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Racers’ Mecca – for a Day

Some of the elite runners start the race.

Traditions are sometimes hard to come by in our relatively young and forward-looking nation, but some of the most lasting seem to revolve around sports. In Connecticut,  New Haven was recently awash in hoopla over “The Game,” and Manchester has its Thanksgiving Day Road Race. I was at the race this year, watching several family members walk or run the 4.75 mile course.

This was the 73rd running of the race, which now attracts about 14,000 runner, walkers, and “wheelers” (just over 12,000 actually finished the course), including internationally known distance runners. The day was as much about revelry as competition, with some entrants dressed in a variety of costumes – some seasonal, others not. An estimated 20,000-30,000 people lined the streets to cheer on the athletes, with more than a dozen bands playing along the route. This year’s race featured overcast skies but not-too-chilly temperatures, and I was glad to be there.

Dino Man joined several superheroes, life-sized food products (including turkeys), and various guys in drag.

So what’s this have to do about history?

Not a lot. I had planned to work backward, 2009 minus 73, to give a feel of what was going on when the race was first run. Like now, 1936 saw the country enduring tough economic times, with a president who faced charges of his “socialist” policies threatening to ruin the country. Instead, of course, the president, then and now, was using the power of the government to try to stave off total economic (and perhaps political) collapse, not destroy capitalism.

Yeah, that was my idea; then I learned the race was actually first run in 1927. OK, slight shift of gears. “Silent Cal” Coolidge held sway, the ’20s were roaring – for a while still, at least – and following the Babe, Red Grange, and Jack Dempsey was a sports fan’s concern, not running or watching a road race.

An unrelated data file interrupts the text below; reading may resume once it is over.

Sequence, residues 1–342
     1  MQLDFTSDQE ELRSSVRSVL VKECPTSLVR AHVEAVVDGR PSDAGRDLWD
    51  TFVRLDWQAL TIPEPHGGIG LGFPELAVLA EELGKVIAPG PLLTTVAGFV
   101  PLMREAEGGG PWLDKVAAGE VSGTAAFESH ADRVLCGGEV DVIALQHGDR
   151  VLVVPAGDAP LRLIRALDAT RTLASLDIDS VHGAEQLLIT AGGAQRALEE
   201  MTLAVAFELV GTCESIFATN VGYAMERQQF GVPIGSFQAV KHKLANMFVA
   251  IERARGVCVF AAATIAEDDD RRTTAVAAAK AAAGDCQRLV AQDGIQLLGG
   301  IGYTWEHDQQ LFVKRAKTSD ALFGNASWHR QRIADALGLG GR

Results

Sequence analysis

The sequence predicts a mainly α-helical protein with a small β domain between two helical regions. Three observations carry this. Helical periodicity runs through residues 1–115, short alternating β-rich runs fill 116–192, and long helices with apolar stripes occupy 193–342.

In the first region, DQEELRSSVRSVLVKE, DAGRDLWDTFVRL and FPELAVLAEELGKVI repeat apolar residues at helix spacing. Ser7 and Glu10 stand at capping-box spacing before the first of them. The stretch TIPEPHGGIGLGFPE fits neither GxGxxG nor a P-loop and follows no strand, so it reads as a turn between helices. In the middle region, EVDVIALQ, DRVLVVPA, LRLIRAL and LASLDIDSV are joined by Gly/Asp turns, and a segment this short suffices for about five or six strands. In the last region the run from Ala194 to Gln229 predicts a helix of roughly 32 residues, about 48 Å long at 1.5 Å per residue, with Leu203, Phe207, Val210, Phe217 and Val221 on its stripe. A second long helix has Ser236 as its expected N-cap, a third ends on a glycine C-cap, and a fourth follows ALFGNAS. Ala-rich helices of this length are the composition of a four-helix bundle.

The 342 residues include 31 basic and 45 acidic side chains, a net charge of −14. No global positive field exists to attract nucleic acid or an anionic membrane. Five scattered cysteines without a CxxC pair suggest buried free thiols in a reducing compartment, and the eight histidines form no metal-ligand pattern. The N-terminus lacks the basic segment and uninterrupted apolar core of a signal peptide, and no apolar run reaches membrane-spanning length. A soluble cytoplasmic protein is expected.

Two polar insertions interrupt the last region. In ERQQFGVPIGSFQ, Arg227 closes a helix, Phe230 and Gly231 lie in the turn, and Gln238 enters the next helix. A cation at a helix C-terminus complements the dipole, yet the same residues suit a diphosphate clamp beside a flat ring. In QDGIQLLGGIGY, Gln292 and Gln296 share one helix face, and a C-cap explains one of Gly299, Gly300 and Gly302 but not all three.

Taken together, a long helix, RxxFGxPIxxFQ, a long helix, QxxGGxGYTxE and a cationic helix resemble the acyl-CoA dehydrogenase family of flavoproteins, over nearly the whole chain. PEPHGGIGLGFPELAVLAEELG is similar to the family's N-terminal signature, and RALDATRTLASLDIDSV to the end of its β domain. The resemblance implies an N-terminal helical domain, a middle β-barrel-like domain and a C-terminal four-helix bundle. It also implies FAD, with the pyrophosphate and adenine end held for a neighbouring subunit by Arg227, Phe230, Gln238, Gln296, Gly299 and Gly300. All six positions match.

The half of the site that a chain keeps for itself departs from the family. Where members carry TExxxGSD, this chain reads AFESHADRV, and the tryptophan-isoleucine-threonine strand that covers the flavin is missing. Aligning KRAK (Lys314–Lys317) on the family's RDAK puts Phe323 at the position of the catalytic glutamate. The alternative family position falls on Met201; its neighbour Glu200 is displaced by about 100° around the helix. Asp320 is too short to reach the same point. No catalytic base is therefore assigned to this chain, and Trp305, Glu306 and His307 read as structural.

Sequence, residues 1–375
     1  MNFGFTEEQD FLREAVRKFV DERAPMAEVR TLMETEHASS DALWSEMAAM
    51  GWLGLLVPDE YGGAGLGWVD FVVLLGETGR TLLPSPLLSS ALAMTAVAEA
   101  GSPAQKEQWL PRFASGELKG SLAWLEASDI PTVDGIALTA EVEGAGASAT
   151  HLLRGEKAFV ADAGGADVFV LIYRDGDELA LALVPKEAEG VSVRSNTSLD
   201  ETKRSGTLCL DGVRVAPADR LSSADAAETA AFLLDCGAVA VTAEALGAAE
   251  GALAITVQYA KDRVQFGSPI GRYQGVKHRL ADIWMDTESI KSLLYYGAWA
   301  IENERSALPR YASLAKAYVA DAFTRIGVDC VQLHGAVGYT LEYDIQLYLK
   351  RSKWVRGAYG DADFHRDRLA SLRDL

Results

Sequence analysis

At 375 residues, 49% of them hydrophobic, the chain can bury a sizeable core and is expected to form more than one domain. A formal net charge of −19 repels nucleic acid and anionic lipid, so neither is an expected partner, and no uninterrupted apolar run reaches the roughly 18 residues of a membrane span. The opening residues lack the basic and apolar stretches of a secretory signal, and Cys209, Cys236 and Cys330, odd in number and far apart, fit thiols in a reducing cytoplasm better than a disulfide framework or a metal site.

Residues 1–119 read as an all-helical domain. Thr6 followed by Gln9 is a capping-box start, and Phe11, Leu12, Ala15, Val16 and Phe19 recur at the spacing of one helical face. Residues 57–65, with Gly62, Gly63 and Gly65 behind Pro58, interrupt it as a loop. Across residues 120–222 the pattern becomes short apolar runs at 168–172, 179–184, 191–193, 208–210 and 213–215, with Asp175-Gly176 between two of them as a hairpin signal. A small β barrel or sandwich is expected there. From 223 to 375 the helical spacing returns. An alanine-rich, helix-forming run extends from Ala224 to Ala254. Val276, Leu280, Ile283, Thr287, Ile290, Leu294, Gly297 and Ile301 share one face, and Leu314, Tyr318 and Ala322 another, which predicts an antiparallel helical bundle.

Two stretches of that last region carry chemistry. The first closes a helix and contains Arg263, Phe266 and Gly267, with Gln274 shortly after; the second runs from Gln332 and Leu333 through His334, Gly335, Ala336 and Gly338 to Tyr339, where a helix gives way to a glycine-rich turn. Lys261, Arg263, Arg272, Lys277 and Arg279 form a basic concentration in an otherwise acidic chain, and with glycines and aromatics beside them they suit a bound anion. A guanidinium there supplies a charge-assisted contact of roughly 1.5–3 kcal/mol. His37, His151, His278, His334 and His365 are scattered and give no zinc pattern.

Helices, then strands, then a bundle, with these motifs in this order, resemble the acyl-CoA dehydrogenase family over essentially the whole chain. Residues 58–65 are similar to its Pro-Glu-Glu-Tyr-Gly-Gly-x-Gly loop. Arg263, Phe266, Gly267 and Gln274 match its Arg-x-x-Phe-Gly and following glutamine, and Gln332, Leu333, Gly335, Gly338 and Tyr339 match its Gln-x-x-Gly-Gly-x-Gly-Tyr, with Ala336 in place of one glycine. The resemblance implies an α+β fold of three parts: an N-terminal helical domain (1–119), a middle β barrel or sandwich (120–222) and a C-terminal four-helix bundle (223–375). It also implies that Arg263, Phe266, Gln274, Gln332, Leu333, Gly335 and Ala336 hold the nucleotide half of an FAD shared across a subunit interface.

What else was going on in 1927, before and while a few Manchester guys decided to hold the first race? Lindbergh made his historic solo flight across the Atlantic Ocean. Nature struck hard, with a massive flooding of the Mississippi and a killer tornado hitting St. Louis. Sacco and Vanzetti were executed, Lizzie “40 Whacks” Borden joined her dismembered parents in the afterlife, and Mae West was busted on an obscenity rap. In the arts. The Jazz Singer, the first “talkie,” lit up movie screens; Hermann Hesse published Steppenwolf and Virginia Woolf released To the Lighthouse; “Ol’ Man River” was one of the hit tunes. Other notable moments: the 15 millionth Model T rolled off Ford’s assembly lines, the Holland Tunnel linked New York and New Jersey, and the iron lung was developed.

The home stretch

Coming down the home stretch

And in the midst of all those great events and creations, 12 guys plod along the streets of Manchester, while maybe the same size group cheers them on. But within  a few years, 10,000 people filled the streets to watch, so you just never know what a simple idea is going turn into.

The race was suspended mid-Depression and remained shelved until after World War II. The revived race drew about 20 runners in 1945, and by 1954 had 104. Slow growth continued, until the running boom of the 1970s sent the number over 1,000, with thousands more entering within the next ten years. Today, the small city of Manchester, some 56,000 strong, is home to one of the top-25 races in the country.

The best view on Main Street

Since 1945, the Manchester Road Race has survived several major wars and now the Great Recession. With the festivities and ever-strengthening tradition, it’s a safe bet the race will be around for a long time, bringing together friends and family, offering an excuse for pre-noon drinking, and working up appetites for that Tofurkey cooking in the oven.

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